vulvodynia


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vul·vo·dyn·i·a

 (vŭl′vō-dĭn′ē-ə)
n.
Chronic vulvar pain.

[New Latin : vulv(o)- + Greek odunē, pain; see ed- in Indo-European roots.]
American Heritage® Dictionary of the English Language, Fifth Edition. Copyright © 2016 by Houghton Mifflin Harcourt Publishing Company. Published by Houghton Mifflin Harcourt Publishing Company. All rights reserved.
References in periodicals archive ?
The issues of pressure and vibration, along with comorbid conditions, such as irritable bowel syndrome, vulvodynia, and pelvic floor dysfunction, may point to an overlap of regional symptoms with muscular involvement (FitzGerald et al., 2012).
Vulvodynia is usually described as burning, stinging, irritation, or rawness of vulvar region.
It has the advantage that it can also reduce vaginismus (spasm of vaginal muscles) and help vulvodynia. A thumb is recommended for self-massage and a simple oil (such as coconut oil) is helpful when used twice daily.
(8,9) Medical management of vulvodynia presents a conspicuous gap in empirically validated recommendations.
Assessing Sexual Function and Dyspareunia with the Female Sexual Function Index (FSFI) in women with vulvodynia. J Sex Marital Ther.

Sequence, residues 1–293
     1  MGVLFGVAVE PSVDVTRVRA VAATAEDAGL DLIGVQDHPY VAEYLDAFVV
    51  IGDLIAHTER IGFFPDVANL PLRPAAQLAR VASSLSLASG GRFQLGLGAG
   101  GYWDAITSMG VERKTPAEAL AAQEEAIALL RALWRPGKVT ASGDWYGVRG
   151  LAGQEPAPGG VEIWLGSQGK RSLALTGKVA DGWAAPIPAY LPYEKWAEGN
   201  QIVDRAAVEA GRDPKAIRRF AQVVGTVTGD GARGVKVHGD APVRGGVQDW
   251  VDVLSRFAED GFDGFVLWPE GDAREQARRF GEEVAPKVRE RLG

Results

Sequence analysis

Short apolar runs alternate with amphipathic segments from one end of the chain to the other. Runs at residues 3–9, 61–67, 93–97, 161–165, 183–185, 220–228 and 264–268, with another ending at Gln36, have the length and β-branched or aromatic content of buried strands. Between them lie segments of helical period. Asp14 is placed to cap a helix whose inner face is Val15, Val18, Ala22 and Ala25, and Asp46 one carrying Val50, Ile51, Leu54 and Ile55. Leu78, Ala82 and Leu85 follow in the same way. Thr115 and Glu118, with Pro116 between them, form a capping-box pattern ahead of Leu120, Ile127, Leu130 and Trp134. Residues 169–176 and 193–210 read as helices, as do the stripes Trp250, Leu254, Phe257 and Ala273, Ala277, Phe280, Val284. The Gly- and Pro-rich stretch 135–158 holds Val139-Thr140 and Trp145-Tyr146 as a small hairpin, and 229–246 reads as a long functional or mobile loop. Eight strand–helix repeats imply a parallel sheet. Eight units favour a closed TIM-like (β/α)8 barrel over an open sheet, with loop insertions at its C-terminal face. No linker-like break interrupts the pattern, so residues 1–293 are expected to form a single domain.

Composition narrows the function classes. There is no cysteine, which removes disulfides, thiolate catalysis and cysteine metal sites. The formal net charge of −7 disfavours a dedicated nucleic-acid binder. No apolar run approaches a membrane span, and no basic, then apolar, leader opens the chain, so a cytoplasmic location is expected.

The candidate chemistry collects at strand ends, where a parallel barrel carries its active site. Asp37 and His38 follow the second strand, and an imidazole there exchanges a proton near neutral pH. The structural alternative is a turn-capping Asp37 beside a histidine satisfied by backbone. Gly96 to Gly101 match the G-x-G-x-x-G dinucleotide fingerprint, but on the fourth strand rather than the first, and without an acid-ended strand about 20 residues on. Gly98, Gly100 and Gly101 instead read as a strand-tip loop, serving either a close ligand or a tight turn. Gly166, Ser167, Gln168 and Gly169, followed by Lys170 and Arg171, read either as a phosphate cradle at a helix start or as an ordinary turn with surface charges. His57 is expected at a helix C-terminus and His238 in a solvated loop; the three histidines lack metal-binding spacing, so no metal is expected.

To help reduce irritation, ease pressure, and relieve pain from vulvodynia:
* Neogyn is a non-hormonal cream containing cutaneous lysate and has been shown to improve vulvar pain in women with vulvodynia. A double-blind placebo-controlled randomized crossover trial followed 30 patients over 3 months and found a significant reduction in pain during sexual activity and a significant reduction in erythema.
Conditions commonly associated with IC include fibromyalgia, irritable bowel syndrome, chronic fatigue, vulvodynia, migraines, depression, and anxiety.
Chronic pain disorders have reached epidemic levels in the United States, with the Institute of Medicine reporting more than 100 million Americans affected and related health care costs at more than $500 billion annually.' Although many pain disorders are confined to the abdomen or pelvis (chronic pelvic pain, vulvodynia, irritable bowel syndrome, and bladder pain syndrome), others present with global symptoms (fibromyalgia and chronic fatigue syndrome).
Gynaecological Pain Syndromes include Vulvar Pain Syndrome (also termed "Vulvodynia"), Vestibular Pain Syndrome, Clitoral Pain Syndrome, Dysmenorrhea, and Endometriosis-Associated Pain Syndrome.
However, surprisingly, despite the possible roles of central sensitization and of psychogenic factors such as anxiety or depression in BMS neuropathic pain, it appears that, in persons with BMS, the co-occurrence of other chronic neuropathic pain disorders (central sensitivity syndromes) including fibromyalgia, atypical facial pain, trigeminal neuralgia, temporomandibular joint pain, back pain, and vulvodynia is rare [15, 33].